She is the director of the printmaking MFA & BFA Programs at the Academy of Art University and is a board member of the California Society of Printmakers. 

    Bullseye Resource Center Bay Area
    4514 Hollis Street
    Emeryville, CA 94608
    (Map this location)

    510.595.1318
    bayarea@bullseyeglass.com
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    Interview with Calvin Lai

    artist photo

    Could you tell us a bit about yourself, your history and your experience with art before arriving at the Academy?

    Art for me is an addiction that helps me stay sane and happy. It is the one thing that has been my constant companion throughout the years. Growing up in the suburbs of LA, I was often faced with situations where I felt out of place and withdrawn. It's a common story among artists, and not surprisingly I found myself always drawing. I would copy pictures and photos that were compelling to me, and through trial and error I gained an understanding of light and perspective at an early age. Eventually, I received a BA from San Francisco State, and afterwards I spent a long time traveling and studying music. It wasn't until 2008 when I decided to go to the Academy for a master's degree in illustration, but gravitated towards fine art painting instead.

    Where do you see yourself in five years time?

    There's no turning back now from my path of painting. I'm too old to do anything else career-wise with any great amount of vigor. So in five years I see myself in a large studio with an abundance of natural light, honing my skills as a painter, and getting my artistic vision out into the world. I also see this happening in or around the Bay Area as I've found a thriving musical community here which is hard to find in other cities. Being a realistic painter, I'll be making a living off of commissions and gallery sales.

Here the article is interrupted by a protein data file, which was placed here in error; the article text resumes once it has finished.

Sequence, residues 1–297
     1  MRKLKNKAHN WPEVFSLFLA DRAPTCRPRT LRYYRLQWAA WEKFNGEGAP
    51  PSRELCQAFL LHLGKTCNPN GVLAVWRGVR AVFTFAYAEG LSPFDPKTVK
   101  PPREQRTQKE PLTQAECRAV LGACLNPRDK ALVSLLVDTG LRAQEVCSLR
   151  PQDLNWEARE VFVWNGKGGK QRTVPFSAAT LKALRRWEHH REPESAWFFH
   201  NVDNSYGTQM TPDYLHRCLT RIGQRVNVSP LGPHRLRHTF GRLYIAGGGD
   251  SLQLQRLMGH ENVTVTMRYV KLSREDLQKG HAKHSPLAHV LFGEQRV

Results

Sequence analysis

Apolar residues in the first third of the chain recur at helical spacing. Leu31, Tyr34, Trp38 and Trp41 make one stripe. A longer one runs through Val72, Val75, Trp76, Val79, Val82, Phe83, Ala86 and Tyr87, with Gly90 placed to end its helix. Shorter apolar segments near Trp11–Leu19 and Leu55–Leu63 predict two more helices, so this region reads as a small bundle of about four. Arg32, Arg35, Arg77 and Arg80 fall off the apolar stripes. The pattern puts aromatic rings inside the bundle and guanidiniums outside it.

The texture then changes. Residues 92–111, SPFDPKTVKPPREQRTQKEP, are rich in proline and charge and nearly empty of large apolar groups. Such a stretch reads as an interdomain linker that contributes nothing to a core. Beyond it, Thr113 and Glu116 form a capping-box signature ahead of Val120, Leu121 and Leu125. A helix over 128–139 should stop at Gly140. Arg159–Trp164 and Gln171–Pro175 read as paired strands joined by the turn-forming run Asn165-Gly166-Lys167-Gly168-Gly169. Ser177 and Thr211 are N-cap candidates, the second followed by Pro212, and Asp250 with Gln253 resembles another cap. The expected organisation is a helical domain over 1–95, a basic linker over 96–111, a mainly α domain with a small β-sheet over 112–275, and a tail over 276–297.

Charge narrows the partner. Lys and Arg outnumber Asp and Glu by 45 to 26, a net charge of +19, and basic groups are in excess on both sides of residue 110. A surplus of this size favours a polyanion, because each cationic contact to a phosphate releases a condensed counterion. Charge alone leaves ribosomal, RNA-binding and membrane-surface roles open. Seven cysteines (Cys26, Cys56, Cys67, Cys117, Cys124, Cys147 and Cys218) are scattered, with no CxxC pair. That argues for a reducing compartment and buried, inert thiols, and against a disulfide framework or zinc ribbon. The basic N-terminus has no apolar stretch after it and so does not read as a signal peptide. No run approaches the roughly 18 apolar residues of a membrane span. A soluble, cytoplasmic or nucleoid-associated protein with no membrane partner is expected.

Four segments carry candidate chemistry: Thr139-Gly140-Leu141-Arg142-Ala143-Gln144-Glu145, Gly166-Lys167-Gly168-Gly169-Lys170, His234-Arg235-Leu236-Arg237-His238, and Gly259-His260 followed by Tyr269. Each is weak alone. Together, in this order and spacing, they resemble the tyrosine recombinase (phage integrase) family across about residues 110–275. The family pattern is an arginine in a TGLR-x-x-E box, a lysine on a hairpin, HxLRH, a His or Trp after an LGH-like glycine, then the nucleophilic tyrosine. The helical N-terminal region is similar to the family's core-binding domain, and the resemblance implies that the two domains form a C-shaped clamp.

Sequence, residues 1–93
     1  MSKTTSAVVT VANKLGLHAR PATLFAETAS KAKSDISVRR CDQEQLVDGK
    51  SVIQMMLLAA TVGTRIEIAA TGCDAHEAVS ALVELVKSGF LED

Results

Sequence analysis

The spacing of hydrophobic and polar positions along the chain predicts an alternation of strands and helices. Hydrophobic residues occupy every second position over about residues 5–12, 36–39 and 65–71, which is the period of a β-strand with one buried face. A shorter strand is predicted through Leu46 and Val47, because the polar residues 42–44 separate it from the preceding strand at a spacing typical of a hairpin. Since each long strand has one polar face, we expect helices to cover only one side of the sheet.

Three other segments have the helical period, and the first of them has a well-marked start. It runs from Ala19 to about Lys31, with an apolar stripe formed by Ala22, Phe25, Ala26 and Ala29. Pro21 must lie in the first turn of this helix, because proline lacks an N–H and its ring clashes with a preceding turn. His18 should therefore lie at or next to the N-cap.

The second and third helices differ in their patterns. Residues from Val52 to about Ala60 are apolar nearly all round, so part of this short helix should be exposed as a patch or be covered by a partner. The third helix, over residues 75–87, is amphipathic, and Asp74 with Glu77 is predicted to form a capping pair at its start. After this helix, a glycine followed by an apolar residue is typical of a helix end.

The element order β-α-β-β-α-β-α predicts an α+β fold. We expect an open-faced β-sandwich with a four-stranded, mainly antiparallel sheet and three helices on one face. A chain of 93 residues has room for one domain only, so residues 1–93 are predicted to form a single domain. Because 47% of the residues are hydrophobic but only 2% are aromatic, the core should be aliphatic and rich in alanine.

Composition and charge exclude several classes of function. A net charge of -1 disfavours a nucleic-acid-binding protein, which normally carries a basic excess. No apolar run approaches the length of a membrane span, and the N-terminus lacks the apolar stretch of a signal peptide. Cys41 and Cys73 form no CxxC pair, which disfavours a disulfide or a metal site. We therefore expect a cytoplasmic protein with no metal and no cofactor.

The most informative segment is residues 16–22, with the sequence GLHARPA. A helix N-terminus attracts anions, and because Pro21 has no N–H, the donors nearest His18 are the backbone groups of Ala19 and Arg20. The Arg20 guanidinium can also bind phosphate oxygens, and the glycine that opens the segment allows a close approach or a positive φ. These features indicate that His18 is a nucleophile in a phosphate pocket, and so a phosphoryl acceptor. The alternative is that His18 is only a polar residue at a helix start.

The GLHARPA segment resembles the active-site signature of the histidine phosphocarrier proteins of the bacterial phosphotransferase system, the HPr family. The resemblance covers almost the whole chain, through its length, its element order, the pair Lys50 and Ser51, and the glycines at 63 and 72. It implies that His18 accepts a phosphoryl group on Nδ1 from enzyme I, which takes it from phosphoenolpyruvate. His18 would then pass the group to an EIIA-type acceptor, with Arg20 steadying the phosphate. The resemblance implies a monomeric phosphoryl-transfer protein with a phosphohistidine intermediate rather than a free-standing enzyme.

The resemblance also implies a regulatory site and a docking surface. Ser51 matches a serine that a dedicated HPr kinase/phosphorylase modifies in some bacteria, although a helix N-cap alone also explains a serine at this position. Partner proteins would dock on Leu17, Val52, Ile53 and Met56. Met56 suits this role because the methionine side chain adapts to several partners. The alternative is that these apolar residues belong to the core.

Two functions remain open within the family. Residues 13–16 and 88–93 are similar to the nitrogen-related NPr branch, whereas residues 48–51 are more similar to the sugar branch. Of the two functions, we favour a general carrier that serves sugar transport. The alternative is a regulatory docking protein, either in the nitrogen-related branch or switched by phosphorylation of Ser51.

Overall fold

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    Interview with Diana Majumdar

    majumdar_IceHouse

    We spoke with Diana Majumdar before her show opened at the Academy of Art University.

     

    Could you tell us how you became involved in art making?

     

    Since a very early age I have been exposed to art in many forms and shapes.  I grew up in Estonia in the last days of the Soviet Union.  I was first introduced to art through my father.  He took me to see museums in Estonia, Russia, and Armenia.  I loved watching my father draw.  He taught me the basics of watercolor, and gave me his large set of art books that were printed in Russia and Armenian.  So when the choice for a field of study presented itself and I had to ask myself what I would like to learn, the choice was easy.

    Has there been any particular class or teacher that really opened your eyes while studying at the Academy?


    Mixed Media taught by Ms. Lynne Margulies, was the class that changed the way I approach art.

    Artistic freedom was the key take away from that class.  After taking countless classes with structure and order, I felt liberated at the end of this class.  It was pure joy.  Using the approaches she taught, art just seemed to flow out of me.  The approaches she taught were daring.  To do a charcoal drawing then run a wet brush over it, completely obliterating the charcoal image.  It wasn't destruction per se.  It was creating something throught the process of destruction.  Creating something unexpected.